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Civil Rights Museum, Memphis

American Civil Rights Timeline

Civil Rights in America spanned more than the years 1945 to 1968. However, it was after these years that fundamentally important events took place regarding civil rights and they were to gain a place in history. The Montgomery Bus Boycott, the incident at Little Rock High School, Dr Martin Luther King Jr., the bombing of the church in Birmingham, Black Power, the work done by presidents Truman and Johnson in particular and the civil rights acts, all occurred after 1945 and proved vital in the advances made by the civil rights movements.


Congress of Racial Equality (CORE) established.



Supreme Court declared segregation on buses that crossed state borders was illegal. President Truman established a Committee on Civil Rights.



Discrimination in the armed forces was banned.



This was the first year since 1881 without a lynching.



The Supreme Court declared segregation in schools to be unconstitutional.

The last all-black units in the armed forces were disbanded.



Montgomery Bus Boycott began after the arrest of Rosa Parks.



Dr Martin Luther King Jr. became President of the Southern Christian Leadership Conference.

The Little Rock High School clash occurs and Eisenhower had to use Federal troops to enforce the law. Civil Rights Act passed.



First student sit-ins against segregation at lunch counters occurs.

SNCC formed – Student Nonviolent Co-ordination Committee.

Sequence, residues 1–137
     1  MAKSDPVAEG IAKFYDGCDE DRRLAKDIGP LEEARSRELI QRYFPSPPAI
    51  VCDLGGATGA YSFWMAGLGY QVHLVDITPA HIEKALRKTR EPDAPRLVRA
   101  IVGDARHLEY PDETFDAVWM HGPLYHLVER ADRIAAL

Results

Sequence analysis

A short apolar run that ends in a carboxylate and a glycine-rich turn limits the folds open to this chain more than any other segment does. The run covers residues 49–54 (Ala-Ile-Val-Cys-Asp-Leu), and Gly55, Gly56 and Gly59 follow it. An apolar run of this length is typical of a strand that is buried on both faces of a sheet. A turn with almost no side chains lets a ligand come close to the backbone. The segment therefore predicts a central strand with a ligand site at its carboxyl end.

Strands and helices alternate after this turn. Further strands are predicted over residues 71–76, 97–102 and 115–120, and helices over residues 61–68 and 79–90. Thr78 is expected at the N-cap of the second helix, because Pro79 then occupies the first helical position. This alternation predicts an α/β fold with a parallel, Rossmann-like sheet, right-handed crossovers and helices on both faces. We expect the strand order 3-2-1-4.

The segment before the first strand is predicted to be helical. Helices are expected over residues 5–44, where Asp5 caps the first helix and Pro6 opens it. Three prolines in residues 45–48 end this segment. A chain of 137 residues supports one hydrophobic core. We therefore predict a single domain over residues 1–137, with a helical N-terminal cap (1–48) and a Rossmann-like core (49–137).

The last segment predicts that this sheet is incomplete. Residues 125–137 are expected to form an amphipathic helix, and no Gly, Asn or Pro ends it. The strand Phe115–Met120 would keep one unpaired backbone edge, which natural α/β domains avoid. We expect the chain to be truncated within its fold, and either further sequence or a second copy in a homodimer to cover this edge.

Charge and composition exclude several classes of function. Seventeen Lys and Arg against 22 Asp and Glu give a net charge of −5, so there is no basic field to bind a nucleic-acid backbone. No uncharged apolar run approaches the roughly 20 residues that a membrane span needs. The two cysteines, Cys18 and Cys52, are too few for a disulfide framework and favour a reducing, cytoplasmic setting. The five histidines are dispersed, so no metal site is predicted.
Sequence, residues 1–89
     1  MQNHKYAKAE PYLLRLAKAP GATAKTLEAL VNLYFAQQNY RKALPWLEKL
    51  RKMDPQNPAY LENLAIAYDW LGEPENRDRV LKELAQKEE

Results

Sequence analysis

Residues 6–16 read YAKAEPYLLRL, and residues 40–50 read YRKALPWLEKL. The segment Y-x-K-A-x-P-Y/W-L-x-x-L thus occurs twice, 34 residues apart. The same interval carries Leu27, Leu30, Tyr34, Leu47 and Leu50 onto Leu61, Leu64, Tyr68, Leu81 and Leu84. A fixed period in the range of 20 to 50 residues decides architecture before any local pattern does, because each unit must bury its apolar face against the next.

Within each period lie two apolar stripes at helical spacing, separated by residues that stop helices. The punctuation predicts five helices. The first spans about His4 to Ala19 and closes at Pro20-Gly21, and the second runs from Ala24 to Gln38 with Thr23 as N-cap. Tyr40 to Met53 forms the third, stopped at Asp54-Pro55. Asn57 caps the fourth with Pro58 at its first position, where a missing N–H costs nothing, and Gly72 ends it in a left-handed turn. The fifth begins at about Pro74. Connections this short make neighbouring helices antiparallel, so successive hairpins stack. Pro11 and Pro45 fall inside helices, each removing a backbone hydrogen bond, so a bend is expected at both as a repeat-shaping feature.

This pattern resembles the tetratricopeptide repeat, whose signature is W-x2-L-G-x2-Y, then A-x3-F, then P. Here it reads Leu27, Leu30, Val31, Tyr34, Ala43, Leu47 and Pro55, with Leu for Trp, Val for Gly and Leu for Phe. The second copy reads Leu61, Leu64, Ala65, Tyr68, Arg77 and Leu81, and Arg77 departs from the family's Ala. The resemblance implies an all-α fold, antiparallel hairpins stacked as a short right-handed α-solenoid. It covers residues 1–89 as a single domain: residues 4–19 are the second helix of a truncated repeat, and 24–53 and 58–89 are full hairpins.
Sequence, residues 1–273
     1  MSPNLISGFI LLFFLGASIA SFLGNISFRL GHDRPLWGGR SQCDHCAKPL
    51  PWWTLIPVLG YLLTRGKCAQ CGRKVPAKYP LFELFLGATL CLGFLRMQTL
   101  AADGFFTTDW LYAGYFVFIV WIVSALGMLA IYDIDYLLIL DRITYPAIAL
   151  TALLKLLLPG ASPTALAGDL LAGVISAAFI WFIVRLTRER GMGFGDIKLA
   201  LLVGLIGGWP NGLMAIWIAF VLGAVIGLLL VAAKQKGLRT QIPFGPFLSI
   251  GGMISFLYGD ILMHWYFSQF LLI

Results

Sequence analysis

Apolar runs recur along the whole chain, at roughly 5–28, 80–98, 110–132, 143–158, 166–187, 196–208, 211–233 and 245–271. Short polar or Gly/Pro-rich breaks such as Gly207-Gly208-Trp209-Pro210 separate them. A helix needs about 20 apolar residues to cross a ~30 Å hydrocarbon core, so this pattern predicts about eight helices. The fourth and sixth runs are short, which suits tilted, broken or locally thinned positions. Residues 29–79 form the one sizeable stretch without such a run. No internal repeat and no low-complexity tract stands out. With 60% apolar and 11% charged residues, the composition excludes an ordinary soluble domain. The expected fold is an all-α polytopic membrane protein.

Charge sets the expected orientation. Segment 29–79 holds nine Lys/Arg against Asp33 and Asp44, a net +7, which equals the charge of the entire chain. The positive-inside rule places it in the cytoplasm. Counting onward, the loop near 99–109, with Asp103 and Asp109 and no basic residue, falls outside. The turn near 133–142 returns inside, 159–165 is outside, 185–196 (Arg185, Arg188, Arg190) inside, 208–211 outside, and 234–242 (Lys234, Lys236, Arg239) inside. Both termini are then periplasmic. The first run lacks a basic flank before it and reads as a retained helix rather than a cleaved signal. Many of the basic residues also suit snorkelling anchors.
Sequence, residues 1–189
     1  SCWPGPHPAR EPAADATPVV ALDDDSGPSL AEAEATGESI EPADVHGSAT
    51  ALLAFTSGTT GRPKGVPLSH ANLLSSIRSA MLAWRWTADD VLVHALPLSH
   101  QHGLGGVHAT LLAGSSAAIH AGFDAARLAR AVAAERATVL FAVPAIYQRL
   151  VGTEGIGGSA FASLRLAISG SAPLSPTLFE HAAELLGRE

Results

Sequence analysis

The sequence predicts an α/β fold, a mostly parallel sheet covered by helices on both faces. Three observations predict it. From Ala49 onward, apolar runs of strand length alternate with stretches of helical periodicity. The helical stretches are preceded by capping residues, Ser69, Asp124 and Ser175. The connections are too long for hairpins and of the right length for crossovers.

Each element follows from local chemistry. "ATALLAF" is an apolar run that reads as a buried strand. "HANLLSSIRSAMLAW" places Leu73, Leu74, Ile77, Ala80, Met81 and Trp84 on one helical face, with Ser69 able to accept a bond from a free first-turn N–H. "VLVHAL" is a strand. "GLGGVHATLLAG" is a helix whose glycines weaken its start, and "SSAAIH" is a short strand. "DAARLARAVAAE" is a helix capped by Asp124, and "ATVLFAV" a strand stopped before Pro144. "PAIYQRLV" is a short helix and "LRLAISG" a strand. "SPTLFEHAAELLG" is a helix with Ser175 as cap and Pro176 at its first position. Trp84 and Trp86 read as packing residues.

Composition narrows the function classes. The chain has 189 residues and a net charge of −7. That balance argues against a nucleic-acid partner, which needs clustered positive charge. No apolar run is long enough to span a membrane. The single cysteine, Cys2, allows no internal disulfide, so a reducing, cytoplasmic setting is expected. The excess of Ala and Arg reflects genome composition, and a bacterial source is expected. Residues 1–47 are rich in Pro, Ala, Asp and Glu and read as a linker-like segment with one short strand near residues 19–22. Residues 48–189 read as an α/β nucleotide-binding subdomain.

Elijah Muhammad called for the creation of a separate state for blacks.



The arrest of the Freedom Riders in the South.



James Meredith’s attempt to attend Mississippi University was only successful as a result of Federal troops being used.



NAACP leader Medgar Evers, was assassinated.

250,000 civil rights protestors marched in Washington.

Four black children were killed in Birmingham church bombing – the arrested white man was charged with the unlawful possession of dynamite but not murder. Only some years later were the guilty brought to trial for murder.



Riots in Harlem (New York, Chicago, Rochester & Philadelphia.
A Civil Rights Act was passed by Congress.

Dr Martin Luther King Jr. was awarded the Noble Peace Prize.



Malcolm X was assassinated.

A civil rights march from Selma to Mongomery was head by Dr Martin Luther King Jr.

A Voting Rights Act was passed which in theory made it illegal for anyone to restrict the right of anybody to vote. A violent riot in Watts, Los Angeles, left 34 dead.


The idea of Black Power was introduced by Stokely Carmichael.



State laws forbidding inter-racial marriage were declared unconstitutional by the Supreme Court.

Thurgood Marshall became the first Black American to be appointed to the Supreme Court by Texan president Lyndon Johnson.



Dr Martin Luther King Jr. was assassinated. The man convicted of his murder – James Earl Ray – was sentenced to 99 years prison but he denied having anything to do with the murder.

At the Mexico Olympics, a Black Power protest was made at the medal ceremony for the men’s 400 meters by Tommy Smith and John Carlos.



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